Besides, the squat is infinitely scaleable and adjustable. There is universally a movement compromise of motor solution to actually allow for the squat to occur, including volume, loading, or speed. Working on movement restrictions in athletes will never be the same thing or a substitute for practice.

And please don't forget, I'm a Crossfit Coach first, and a physio second. I advocate for all the strategies provided by Coach Glassman or Coach-B. There are occasions when chasing elite performance when doing a movement by itself won't elicit improved quality. But, this is absolutely not to be confused for not actually performing the "imperfect" version of the movement. This too, is addressed (in a Pysiotherapy free way) in our constantly varied programming and is also reflected in the programming of the coaches and athletes of Westside.


Kelly

11

wrote …

Coach Glassman's advice doesn't actually exclude doing other kinds of work/therapy that contributes to a better squat.

After all, you can't squat every single moment you're awake.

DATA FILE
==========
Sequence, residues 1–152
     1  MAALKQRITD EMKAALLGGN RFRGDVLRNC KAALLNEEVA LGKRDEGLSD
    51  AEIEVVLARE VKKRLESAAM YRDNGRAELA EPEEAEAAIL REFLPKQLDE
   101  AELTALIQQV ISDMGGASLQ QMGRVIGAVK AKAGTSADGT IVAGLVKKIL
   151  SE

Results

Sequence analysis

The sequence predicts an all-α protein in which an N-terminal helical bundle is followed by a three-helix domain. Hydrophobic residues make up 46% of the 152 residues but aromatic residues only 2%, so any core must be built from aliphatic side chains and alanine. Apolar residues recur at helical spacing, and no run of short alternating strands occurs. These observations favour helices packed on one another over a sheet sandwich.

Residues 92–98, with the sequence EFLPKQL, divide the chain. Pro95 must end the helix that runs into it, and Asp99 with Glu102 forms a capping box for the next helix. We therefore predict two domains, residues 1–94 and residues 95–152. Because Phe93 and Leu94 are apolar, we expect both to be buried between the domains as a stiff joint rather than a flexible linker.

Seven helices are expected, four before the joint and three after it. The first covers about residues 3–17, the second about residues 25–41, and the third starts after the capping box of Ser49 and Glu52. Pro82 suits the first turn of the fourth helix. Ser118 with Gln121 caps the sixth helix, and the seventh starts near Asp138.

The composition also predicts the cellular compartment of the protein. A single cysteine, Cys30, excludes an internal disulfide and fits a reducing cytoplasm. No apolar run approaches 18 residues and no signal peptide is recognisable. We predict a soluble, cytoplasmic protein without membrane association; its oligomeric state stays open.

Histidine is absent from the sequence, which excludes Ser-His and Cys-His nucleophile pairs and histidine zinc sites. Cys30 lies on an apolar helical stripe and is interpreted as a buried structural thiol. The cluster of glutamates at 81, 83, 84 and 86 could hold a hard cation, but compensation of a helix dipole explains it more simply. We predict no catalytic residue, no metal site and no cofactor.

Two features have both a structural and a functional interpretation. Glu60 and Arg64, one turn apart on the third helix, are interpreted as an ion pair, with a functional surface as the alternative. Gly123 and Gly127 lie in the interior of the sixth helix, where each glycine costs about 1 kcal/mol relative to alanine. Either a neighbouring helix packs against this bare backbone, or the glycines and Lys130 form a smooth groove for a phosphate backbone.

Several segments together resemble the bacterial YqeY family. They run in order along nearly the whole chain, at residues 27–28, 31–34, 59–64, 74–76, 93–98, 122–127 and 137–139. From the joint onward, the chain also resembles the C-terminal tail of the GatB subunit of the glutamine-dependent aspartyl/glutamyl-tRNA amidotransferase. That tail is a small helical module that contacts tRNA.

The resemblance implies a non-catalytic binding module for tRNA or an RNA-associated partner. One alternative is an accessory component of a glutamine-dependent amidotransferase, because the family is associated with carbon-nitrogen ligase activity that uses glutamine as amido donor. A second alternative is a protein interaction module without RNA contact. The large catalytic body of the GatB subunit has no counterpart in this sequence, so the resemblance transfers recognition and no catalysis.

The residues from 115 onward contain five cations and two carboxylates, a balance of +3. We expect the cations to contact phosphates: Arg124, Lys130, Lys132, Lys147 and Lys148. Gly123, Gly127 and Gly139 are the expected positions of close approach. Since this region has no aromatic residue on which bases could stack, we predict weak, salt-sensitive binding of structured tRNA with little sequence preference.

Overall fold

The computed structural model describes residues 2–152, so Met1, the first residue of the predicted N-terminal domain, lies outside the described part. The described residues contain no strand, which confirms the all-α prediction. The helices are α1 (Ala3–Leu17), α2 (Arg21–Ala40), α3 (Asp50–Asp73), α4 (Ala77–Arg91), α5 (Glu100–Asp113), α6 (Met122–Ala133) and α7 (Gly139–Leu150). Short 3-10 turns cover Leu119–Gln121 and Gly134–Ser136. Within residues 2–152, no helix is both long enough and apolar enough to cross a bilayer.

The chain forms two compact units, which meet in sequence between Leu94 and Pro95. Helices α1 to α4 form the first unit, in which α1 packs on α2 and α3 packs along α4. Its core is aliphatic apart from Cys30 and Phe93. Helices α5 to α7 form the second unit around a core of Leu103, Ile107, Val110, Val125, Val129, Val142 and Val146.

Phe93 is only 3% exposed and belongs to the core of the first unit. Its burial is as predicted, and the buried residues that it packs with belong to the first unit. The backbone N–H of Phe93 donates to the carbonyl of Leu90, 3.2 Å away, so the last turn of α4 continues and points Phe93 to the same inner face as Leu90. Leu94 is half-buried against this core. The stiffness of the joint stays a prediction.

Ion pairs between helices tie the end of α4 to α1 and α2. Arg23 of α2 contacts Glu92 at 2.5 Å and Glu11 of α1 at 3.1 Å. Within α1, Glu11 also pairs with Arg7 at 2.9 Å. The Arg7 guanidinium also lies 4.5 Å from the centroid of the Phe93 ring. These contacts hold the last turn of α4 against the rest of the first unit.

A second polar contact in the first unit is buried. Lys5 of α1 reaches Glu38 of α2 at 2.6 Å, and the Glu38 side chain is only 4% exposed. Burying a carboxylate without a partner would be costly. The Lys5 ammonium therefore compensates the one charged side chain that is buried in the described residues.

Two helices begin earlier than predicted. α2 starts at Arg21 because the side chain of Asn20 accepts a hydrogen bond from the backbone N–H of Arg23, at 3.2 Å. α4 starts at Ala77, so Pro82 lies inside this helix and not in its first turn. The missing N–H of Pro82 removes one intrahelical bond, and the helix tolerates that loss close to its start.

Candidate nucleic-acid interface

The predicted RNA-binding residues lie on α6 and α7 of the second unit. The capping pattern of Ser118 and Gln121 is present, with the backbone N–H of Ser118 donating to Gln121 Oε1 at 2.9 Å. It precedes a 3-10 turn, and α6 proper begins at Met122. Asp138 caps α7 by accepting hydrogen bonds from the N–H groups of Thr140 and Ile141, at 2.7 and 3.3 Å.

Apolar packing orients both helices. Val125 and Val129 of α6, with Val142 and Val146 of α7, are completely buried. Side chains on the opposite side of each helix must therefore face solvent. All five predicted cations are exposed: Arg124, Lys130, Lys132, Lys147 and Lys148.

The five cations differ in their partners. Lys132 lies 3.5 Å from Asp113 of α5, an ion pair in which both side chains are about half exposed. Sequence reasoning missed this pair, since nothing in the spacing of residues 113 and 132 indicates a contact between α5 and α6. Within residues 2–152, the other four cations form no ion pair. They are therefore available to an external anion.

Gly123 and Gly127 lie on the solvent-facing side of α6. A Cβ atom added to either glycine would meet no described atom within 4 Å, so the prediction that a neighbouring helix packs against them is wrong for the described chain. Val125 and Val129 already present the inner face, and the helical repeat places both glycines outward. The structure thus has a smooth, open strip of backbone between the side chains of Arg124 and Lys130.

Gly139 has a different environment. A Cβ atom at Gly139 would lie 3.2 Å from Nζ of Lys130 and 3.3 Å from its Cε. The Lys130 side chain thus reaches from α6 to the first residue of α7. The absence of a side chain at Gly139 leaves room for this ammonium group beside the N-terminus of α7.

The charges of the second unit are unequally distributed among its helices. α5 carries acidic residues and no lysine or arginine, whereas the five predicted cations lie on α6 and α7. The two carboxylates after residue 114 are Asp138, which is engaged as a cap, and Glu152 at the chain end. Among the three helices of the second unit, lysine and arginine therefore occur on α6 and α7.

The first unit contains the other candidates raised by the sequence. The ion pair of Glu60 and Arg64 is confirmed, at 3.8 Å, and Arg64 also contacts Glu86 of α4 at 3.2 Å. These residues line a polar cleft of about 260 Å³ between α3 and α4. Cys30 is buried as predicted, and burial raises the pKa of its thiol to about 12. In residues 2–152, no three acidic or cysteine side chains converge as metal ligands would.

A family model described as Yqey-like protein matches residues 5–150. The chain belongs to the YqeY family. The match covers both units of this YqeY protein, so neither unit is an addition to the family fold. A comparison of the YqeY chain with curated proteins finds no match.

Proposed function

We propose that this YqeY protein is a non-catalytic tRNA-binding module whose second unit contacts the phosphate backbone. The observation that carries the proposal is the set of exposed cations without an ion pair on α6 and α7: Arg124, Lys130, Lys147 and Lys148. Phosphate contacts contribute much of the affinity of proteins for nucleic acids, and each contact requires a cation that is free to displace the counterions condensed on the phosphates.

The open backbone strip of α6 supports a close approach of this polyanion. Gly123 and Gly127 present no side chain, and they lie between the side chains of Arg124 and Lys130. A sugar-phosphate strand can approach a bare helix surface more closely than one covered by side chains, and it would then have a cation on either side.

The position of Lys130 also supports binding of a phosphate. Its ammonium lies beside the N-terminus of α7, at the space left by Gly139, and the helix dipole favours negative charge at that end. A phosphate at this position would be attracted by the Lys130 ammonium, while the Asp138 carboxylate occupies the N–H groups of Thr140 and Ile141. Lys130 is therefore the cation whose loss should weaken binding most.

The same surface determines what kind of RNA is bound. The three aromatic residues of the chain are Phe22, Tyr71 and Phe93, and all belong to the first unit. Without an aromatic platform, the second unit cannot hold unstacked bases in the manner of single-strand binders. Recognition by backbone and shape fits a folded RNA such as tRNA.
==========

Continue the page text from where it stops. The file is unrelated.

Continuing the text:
But the notion that there's no substitute for a heavy dose of the movement itself definitely needs enforcement with a group of athletes who are always trying to see all dimensions of a thing (a good quality overall) and can sometimes lose sight of the obvious.

It's not just CF--it happens with all training protocols, all activities. I see it over and over again in martial arts, for instance. The smartest, most insightful students can have a tendency to make things too complicated or abstract. They start concentrating on peripheral or esoteric concerns that take away from what they could be learning if they were just practicing whatever it was they were finding challenging. A good teacher always roots these students back in the basics. As we gain experience, we tend to learn the value and irreplaceable nature of "just doing it".

12

replied to comment from Kelly Starrett

Kelly